Taking the Train: Cancer Experiences, Part 1

by | Apr 23, 2020 | Acceptance, Cancer Experiences, Dependency, Reliance

“Casting all your care upon Him, for He cares for you.” (1 Peter 5:7 NKJV)

Many of the recent devotional publications through the Nugget have been focussing on the central themes of troubled times, trials, dealing with problems, going through life’s valleys, etc. All of our lives we’ve heard sermons on how it is important to give our burdens to Jesus, to let Him carry us through. But just how, in the midst of heavy trials, can we achieve this?

A recent bad diagnosis has sent me sprawling through some very troubled waters, and this question has been haunting me. I know God will bring me through victorious. So why do I so often find myself so wrapped up in worry? Or discouragement? Or depression? Or self-pity? How can I truly give this (and any burden!) To God, and then NOT take it back?

God recently gave me a powerful illustration, one that has helped me tremendously over the past few days. My hope and prayer is that it will help you as well!

The story begins back in July. It was just three days before a pre-planned trip to visit my ailing mother-in-law that I saw my doctor for the grim diagnosis. I have breast cancer.

I was devastated, but one of the foremost things on my mind was not cancelling our trip. And so it was that we spent the next two weeks having a lovely time in Europe.

While there, we spent the first week taking public transit. We rented a car for the other week, however, and due to my husband’s limited vision, I became the primary driver. It didn’t take me long to identify some blatant differences between driving in North America, and driving in Europe!

The roads tend to be much more narrow and winding, for one thing. And the apparent lack of signs indicating street names becomes another obvious difference. Street signs are usually posted high up on the side of buildings, but they are never consistently in the same place and are thus, easily missed. Europeans also seem to love round-abouts. The various streets that take off from these round-abouts are usually well marked with the small towns or attractions you can find along them, but they are seldom marked with the name of the road. Naturally all of our directions involved road names, and thus, we were left with absolutely no clue which road to take!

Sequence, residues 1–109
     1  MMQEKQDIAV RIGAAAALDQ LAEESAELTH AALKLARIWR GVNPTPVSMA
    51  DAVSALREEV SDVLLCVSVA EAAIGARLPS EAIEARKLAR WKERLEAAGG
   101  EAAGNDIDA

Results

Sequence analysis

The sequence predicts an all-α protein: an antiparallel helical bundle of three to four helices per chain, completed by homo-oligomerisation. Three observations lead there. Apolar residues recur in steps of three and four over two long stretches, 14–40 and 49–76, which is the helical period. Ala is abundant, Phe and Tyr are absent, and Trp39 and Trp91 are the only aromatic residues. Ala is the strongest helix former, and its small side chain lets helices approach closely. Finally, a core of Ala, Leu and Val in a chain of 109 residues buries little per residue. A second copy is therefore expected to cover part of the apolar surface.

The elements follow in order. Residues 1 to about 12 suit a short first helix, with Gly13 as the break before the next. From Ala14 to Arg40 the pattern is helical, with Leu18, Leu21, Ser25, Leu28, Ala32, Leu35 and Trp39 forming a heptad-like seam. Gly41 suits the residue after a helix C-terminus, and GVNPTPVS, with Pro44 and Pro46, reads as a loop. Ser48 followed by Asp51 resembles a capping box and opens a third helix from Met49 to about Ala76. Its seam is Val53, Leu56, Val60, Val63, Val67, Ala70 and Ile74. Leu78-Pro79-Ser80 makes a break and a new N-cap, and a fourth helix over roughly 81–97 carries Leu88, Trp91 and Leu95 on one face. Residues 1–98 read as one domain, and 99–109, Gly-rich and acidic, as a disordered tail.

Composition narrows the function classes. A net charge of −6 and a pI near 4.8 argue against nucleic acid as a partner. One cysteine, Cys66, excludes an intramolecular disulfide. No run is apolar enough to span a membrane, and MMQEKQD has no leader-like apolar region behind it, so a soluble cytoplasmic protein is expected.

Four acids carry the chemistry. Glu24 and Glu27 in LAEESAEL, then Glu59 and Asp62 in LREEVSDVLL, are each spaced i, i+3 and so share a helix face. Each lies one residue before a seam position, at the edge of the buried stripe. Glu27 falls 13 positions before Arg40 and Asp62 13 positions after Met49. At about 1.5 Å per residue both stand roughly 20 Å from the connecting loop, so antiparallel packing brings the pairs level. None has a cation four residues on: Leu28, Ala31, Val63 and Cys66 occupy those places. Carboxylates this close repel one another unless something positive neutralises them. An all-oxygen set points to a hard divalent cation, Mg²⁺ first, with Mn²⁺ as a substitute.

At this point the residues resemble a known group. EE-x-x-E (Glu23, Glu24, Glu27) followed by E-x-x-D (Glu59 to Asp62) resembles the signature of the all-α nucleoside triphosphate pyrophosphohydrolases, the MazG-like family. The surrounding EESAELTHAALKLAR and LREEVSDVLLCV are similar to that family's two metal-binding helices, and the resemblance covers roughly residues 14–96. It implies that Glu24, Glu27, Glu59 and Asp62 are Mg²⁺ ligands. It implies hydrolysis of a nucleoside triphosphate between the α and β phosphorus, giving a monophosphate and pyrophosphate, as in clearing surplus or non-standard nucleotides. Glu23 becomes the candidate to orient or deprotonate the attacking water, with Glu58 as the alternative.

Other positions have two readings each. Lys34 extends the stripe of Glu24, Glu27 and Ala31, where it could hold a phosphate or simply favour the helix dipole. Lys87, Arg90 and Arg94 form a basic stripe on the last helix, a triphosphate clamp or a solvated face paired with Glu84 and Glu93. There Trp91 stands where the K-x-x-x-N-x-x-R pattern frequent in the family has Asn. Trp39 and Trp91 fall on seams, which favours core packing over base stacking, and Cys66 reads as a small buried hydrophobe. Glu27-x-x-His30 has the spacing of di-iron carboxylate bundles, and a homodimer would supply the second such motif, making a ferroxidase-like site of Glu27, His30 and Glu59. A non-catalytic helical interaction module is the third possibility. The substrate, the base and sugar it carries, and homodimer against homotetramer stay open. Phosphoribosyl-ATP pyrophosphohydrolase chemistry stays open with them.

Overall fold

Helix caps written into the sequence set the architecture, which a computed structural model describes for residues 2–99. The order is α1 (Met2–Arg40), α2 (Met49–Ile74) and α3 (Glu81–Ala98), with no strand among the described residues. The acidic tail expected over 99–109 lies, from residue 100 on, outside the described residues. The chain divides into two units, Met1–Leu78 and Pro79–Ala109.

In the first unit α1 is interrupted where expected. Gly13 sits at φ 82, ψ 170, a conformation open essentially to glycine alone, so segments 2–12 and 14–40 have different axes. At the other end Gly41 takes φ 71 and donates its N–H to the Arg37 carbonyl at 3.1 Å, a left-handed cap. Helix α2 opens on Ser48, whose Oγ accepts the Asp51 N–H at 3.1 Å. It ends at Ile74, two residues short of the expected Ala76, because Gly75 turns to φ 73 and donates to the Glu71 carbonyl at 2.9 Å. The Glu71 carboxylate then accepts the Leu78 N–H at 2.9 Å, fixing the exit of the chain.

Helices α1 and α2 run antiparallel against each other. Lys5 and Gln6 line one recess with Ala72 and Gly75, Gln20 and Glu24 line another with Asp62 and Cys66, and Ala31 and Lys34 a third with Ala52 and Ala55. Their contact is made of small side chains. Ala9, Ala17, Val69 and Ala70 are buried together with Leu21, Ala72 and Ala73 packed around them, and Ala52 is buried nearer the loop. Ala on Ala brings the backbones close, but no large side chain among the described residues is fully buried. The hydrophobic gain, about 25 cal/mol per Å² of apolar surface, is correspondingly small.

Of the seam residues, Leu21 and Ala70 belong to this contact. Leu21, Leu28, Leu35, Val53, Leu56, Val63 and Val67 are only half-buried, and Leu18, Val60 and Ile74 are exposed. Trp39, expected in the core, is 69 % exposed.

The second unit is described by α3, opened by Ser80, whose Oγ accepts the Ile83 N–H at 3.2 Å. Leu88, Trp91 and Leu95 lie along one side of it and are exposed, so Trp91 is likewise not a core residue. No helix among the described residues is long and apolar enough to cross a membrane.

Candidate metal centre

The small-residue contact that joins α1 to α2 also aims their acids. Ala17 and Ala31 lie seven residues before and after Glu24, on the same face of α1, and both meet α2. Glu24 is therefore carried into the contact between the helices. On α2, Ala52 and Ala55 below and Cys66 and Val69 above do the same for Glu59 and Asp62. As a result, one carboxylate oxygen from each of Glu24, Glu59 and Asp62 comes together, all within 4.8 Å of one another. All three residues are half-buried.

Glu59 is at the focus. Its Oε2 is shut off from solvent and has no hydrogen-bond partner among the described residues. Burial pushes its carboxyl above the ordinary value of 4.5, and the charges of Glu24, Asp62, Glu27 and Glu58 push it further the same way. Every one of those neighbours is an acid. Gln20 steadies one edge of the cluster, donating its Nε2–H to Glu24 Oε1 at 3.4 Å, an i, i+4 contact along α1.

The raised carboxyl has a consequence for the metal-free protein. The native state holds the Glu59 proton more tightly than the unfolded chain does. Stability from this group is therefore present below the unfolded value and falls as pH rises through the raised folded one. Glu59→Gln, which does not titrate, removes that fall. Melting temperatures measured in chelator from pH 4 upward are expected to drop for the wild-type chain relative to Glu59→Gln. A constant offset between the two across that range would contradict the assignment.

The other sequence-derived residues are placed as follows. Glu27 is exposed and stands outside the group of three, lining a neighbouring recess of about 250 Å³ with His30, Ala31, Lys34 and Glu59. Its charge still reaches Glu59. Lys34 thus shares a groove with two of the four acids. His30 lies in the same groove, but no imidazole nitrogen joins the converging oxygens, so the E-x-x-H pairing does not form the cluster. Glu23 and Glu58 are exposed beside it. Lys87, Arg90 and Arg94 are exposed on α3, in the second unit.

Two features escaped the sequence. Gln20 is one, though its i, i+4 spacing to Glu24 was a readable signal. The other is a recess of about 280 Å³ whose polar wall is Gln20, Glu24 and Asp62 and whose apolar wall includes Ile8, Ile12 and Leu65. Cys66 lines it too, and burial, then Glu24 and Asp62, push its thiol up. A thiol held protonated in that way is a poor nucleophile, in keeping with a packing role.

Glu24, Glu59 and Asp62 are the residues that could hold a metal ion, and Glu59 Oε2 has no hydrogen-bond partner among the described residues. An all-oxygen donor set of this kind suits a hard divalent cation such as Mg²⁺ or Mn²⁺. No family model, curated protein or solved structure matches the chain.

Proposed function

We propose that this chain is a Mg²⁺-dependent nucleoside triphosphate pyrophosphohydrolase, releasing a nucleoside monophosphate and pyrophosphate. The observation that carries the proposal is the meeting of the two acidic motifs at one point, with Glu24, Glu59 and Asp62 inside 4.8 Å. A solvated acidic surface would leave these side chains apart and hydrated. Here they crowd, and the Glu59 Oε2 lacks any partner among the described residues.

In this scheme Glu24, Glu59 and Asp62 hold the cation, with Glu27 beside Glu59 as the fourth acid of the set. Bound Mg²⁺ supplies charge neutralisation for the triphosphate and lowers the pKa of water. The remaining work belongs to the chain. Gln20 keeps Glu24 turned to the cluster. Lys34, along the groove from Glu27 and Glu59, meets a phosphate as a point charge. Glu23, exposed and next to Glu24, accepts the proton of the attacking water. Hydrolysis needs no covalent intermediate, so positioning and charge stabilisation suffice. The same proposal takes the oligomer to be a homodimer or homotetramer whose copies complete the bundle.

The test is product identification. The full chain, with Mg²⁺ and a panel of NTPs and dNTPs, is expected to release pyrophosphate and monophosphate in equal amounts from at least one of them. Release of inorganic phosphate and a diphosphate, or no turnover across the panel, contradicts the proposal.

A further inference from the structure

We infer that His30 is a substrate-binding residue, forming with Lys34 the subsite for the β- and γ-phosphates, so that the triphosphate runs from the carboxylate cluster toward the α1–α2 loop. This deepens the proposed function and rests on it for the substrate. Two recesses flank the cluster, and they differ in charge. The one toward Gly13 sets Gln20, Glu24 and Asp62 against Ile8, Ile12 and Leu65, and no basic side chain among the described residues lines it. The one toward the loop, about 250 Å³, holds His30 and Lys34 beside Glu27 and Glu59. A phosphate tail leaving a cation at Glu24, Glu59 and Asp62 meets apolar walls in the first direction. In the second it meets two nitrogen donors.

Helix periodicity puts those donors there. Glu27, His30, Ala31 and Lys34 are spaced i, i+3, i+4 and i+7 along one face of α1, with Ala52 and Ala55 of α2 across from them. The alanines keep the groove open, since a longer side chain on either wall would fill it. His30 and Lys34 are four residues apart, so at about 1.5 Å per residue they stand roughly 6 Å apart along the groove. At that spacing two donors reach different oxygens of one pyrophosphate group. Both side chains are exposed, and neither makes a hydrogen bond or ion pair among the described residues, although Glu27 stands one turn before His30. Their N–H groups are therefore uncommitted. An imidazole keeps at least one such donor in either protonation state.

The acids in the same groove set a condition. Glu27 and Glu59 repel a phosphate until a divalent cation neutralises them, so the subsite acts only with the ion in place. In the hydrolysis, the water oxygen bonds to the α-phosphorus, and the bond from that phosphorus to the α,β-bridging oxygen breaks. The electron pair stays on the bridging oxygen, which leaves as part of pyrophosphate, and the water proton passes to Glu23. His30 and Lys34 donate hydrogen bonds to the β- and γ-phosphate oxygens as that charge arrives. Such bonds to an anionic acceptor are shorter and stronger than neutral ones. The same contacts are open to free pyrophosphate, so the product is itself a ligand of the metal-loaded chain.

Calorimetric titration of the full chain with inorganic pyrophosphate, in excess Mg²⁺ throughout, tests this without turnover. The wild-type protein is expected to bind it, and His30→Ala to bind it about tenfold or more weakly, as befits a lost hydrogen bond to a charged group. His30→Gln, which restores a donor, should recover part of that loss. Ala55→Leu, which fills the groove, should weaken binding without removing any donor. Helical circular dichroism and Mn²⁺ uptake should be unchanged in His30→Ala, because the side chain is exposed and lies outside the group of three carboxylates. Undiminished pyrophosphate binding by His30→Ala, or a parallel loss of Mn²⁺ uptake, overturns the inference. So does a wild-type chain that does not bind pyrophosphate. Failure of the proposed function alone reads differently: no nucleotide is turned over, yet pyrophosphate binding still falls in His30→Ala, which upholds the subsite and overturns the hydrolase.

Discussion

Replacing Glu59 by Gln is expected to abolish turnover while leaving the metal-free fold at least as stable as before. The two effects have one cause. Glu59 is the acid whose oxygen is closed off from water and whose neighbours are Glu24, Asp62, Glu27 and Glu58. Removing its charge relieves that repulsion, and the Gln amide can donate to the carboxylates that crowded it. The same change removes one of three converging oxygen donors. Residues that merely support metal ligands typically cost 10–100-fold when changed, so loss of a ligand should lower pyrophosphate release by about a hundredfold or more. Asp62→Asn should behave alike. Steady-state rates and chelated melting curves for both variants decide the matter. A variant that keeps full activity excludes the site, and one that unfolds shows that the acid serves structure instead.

We did have one good day with the car. We only got lost three times that day. Our average on every other day was 9 times. But then, who (besides the teenager in the back seat) was counting???

Another problem I ran into involved that fact that there is often very limited parking, and good parallel parking skills are a must. Unfortunately, I have never quite mastered that particular talent …

Oh, there are also parking buildings. These tend to be underground and only accessible though the use of narrow, steep ramps littered with sharp turns and concrete posts …

I must say that one of the things I discovered on this trip is that I am quite good at raising the “ire” of the European drivers, especially when I block traffic in my feeble attempts to maneuver the whole parking nightmare …

Needless to say, the entire time we had the car was incredibly stressful for me.

The times we used public transit, however, were quite different. Whether on the tram, the bus, or the train, I could sit with my feet up, sipping a cool drink and chatting amiably with whoever was my seat companion. All I had to do was get on, and the vehicle would take me to my destination. No narrow roads, no traffic, no chances of getting lost, and certainly no parking nightmares!

Upon my return, the reality of the medical problems hit home, but as I have been pondering how to keep from letting the worry creep into my current situation, God reminded me that just like there were two ways to get around Europe — Either I drive myself to ultimate stress, or I relax on the train — life’s problems also present us with two choices.

The first, of course, is to try to navigate them on my own. The only problem is, when I “drive” myself, I am constantly running into narrow roads, twists and turns, angry drivers, and narrow, steep parking garages. The stress will be incredibly high!

But there is another way. I can choose to “take the train”! In the same way that public transit bypasses any need to park, navigate traffic, and read invisible street signs, I can choose to let God carry me through my stress. I can choose to sit back and relax in His arms in the face of those unmarked roads. I can close our eyes to the honking of irate drivers. I can let Him worry about where we are going to park!

With my surgery date looming just days ahead, this imagery became incredibly helpful for me. Every time I was tempted to worry, I realized that I’ve just stepped “off the Train” before it has arrived at its final stop. I simply asked God to help me get back on, then I got myself seated comfortably in His arms. After all, I don’t need to worry about this. I know my “Train” will arrive at the right station on time! Isn’t God the “Train Driver”?

But wait a minute. Sure this makes you “feel good”. But somehow the problems must be dealt with!

Friends, taking “the train” really DOES navigate the narrow streets and the parking! Every time I’ve managed to “stay on the train”, whatever it was I’ve been tempted to worry about has simply fallen into place! The examples of this could fill a novel, and this devotional is already way too long, but the bottom line is this: Why should I worry? God has it all under control!

Friends, whatever it is you are facing today, will you get on the train with me? It really is far superior to trying to park in Europe, and it’s guaranteed you won’t get lost. Not even once!

Lyn Chaffart

(To access the entire “Cancer Experiences” devotional series, please click here.)


Taking the Train: Cancer Experiences, Part 1